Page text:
Publication Date: 3rd March 2015
I received an advance copy of this book from Netgalley in exchange for an honest review. Also this book is published by DarkFuse and you generally cannot go wrong with anything they put out to the masses.
I have seen so much on so many sites about Tim Curran I thought this would be a good opportunity to see what all the fuss was about when this came up on NetGalley. After reading this one I’m left feeling a tad disappointed.
Six friends are returning from a night out when they get caught in a storm. The driver, being a bit drunk decides to take a short cut that he doesn’t know. As they are entering the town of Stokes, someone walks in front of the van and they run him over. When they get out of the van to see if he is ok, they discover it isn’t a human. It appears to be some sort of mechanical mannequin. When they try to get the emergency services to come help them, it appears Stokes no longer exists and they are trapped in a nightmare in the year 1960 with seemingly no way out. They must battle unseen forces, and their own minds to try and escape and get back to the real world.
Now – when I started reading this book it got me excited. It also got me super creeped out. The “evil” that the friends must battle against takes the form of “puppets” if you like. Mechanical mannequins that seem to be easily destroyed but have an uncanny knack of putting themselves together again and re-attacking. The friends are all separated and you end up with a few different stories and battles going on within the main story.The way it is written initially it is very creepy. The idea of being chased around a town that doesn’t exist, by puppets that take many forms and knowing you can’t stop them, is scary. The tension in the book is fantastic in making you read with one eye open as the characters try to hide and can hear the “enemy” coming after them.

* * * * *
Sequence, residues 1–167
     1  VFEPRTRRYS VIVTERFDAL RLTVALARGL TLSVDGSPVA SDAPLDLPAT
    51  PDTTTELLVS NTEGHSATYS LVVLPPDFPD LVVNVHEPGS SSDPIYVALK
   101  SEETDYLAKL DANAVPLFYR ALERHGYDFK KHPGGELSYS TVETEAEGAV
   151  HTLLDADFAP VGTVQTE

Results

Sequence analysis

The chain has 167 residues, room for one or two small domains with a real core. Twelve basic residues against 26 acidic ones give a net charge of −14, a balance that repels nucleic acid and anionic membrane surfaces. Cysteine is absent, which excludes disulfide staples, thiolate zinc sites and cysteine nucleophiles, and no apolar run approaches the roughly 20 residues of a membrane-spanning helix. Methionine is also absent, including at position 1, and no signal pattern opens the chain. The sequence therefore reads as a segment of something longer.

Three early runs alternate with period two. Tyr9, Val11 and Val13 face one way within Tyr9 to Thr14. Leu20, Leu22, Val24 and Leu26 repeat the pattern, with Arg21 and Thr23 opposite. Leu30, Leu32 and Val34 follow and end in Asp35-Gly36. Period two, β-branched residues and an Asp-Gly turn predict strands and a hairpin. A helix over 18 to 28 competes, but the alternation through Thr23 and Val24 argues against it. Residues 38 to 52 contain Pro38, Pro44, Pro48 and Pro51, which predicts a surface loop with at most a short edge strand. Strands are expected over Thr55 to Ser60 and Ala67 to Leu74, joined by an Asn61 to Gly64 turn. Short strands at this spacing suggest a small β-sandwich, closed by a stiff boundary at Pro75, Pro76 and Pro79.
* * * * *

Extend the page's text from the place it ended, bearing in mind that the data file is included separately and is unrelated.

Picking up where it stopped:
It takes on another turn in that it starts to mess with the minds of the characters and in turn your own. They start to see and hear things that can’t possibly be real and must try to keep themselves sane in order to escape. This again is very effective in messing with your own mind and creeping you out further.
Unfortunately, that’s as far as the story went for me. You discover all of the above fairly early in the book and then the rest is filled with more of the same that sadly became a bit boring for me. I found it hard to keep my concentration and when I came to the end of a page, couldn’t remember what I had read because I was thinking of other things. I hate when this happens in a book and generally lose interest at this point.
I kept going hoping it would get better or something different would happen to peak my interest again but it didn’t. It was just a case of going through the motions until I got to the end. I don’t want to sound nasty or cruel but I found this one a bit of a struggle. I would read Mr Curran again to see what he produces because I did like his writing style. I just didn’t like this one too much.
★★ It held my attention but could have been a lot better.
★★★★ This was verrrry creepy.
You can buy Doll Face here:
Six friends are returning home from a night out when they end up in a town called Stokes. They discover they are trapped there, as Stokes does not really exist. The actual town had burned to the ground more than fifty years ago. The Stokes they are in is a nightmare version of the former town, engineered by a deranged and undead mind, a supernatural machine of wrath that will destroy them one by one....unless they submit to its dominance and become living dolls.
Tim Curran lives in Michigan and is the author of the novels Skin Medicine, Hive, Dead Sea, and Skull Moon. Upcoming projects include the novels Resurrection, The Devil Next Door, and Hive 2, as well as The Corpse King, a novella from Cemetery Dance, and Four Rode Out, a collection of four weird-western novellas by Curran, Tim Lebbon, Brian Keene, and Steve Vernon. His short stories have appeared in such magazines as City Slab, Flesh&Blood, Book of Dark Wisdom, and Inhuman, as well as anthologies such as Flesh Feast, Shivers IV, High Seas Cthulhu, and, Vile Things.
You can see more about Tim at his website.
Tim’s author page can be found here.